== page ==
Articles by Jim Gainan

As published in the Billings Gazette

Enhancing the curb appeal of your home

Every house has one. The question is, what feeling does it evoke? I'm talking about the front door, and as you can see from the 'before' photo, I had a real challenging design issue.

For years, our house had a thicket of trees that protected it from a pretty busy street. In fact, I have lived in the tree-street area for many years and never noticed the house that now shelters us.

After we purchased the house, I learned that people considered the house scary. While it was being built over a period of four years, birds flew in and out of the openings in the sandstone, revealing the dark (scary) unfinished interiors.

The house was built by a Billings Polytechnic Institute (now Rocky Mountain College) professor of engineering who accepted sandstone blocks as his salary. He enlisted the help of students to help during evenings and weekends for the long building process. I learned while working for Rocky from 1991-1998 that Billings Polytechnic was one of the only colleges that taught the trade of shaping sandstone from its own quarry, located on the rimrocks. Those stones were used to literally build the college piece by piece and later a few homes including ours.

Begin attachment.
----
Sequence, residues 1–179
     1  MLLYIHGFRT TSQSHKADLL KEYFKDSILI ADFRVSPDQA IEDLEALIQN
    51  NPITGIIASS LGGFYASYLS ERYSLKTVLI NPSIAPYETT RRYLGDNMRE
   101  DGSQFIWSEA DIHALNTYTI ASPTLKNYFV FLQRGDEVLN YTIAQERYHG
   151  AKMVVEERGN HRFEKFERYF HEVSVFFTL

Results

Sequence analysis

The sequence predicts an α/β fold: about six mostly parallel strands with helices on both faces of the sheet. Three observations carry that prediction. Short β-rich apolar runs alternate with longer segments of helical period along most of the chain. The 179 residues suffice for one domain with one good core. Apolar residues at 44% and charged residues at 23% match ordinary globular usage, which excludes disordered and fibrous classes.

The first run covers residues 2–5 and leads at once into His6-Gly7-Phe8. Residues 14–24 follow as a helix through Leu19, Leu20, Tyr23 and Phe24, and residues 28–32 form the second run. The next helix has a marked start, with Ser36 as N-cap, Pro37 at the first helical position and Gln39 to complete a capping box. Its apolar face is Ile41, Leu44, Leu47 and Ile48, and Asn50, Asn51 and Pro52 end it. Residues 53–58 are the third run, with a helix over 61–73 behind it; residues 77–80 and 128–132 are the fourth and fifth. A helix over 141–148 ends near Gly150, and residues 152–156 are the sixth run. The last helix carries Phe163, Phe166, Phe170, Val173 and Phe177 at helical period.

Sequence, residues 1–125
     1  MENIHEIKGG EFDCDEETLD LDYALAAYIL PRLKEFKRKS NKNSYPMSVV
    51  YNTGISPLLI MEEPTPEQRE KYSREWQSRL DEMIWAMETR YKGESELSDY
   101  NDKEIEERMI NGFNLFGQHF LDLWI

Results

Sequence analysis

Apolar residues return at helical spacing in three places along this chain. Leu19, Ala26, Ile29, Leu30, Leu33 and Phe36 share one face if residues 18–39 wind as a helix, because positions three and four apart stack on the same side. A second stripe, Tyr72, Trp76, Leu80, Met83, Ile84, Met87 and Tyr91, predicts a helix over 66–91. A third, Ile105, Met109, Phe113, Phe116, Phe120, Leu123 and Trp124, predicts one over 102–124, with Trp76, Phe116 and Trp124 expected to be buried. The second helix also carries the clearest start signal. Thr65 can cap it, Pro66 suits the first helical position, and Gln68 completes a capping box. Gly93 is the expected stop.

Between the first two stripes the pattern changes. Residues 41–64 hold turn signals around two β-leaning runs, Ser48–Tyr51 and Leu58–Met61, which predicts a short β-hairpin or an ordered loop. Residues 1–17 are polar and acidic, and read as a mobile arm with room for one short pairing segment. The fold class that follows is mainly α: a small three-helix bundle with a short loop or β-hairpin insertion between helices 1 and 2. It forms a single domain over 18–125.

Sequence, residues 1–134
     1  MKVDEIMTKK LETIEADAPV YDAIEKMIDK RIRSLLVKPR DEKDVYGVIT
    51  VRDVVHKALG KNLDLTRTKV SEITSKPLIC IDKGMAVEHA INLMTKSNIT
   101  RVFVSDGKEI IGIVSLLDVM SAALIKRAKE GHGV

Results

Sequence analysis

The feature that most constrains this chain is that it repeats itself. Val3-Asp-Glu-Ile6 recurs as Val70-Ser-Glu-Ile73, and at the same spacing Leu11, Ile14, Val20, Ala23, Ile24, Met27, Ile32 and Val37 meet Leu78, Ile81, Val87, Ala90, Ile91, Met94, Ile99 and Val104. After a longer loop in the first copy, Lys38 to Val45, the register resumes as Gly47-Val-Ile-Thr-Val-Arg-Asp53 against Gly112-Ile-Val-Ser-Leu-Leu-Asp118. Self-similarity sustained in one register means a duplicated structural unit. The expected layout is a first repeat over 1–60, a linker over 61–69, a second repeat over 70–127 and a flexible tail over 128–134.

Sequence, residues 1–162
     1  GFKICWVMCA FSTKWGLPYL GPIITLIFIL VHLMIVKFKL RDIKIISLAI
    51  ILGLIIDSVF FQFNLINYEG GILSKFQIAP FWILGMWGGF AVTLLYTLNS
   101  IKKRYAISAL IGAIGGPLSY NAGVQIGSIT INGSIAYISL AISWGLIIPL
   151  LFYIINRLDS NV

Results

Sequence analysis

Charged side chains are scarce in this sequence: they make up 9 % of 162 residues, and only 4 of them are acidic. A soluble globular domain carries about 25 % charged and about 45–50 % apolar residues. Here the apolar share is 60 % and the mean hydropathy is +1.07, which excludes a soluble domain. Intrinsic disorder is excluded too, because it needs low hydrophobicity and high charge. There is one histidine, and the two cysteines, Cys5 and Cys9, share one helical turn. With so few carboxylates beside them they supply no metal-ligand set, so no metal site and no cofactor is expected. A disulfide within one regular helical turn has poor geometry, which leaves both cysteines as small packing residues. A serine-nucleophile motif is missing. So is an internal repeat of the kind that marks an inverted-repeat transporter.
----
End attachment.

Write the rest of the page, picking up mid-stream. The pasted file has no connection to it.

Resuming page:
A large snow storm toppled two tall trees in our yard and everything in their path, including the privacy thicket that was over 60 years old. The process of cleaning out the thicket was painful because some additional trees had to be removed. They had been partially damaged and wouldn't blend with the new landscape design.

The initial problem was obvious. The main entry to the house was too exposed to the street and the approach to the house was confusing. It was hard to tell where the front door was and it completely lacked privacy.

Our goal was to create privacy that was present twelve months a year, but also create a distinct welcoming walkway and auto court for guests. Piece by piece the plan was implemented over a period of one year. The design goal was reached with the following additions:

A. The rickety-looking fence made of several materials was replaced with a cedar privacy fence running east and west with a top stringer that stayed level from the street to the house. That move alone created more stability and consistency for the area. The stain is dark to match the trim on the house and to distinguish the area from the many feet of silver grape stick fencing that surrounds the entire property.

A north/south short jog with a pass-through door for recycling bins added privacy in the winter for the window that previously looked right out to the street. This created the interior shade garden court that is very private and welcoming when you make your way toward the house. A tall Greenspire Linden peeks up over the fence and will eventually completely shade the garden. It also leads the eye away from the flat-roof portion of an addition that was made in the 1970s, which isn't particularly attractive, but very functional for the sunroom it covers.

B. Existing 'Bridal Wreath' Spirea were trimmed back and fertilized to create a diagonal buffer and transition where the jog in the fence ends. My plan was to remove the spirea, but my wife tied herself to the bushes in protest; it was really cold that day and I knew she would stay out there as long as it took to change my mind, so I put away the chainsaw. Happy wife, happy life - right?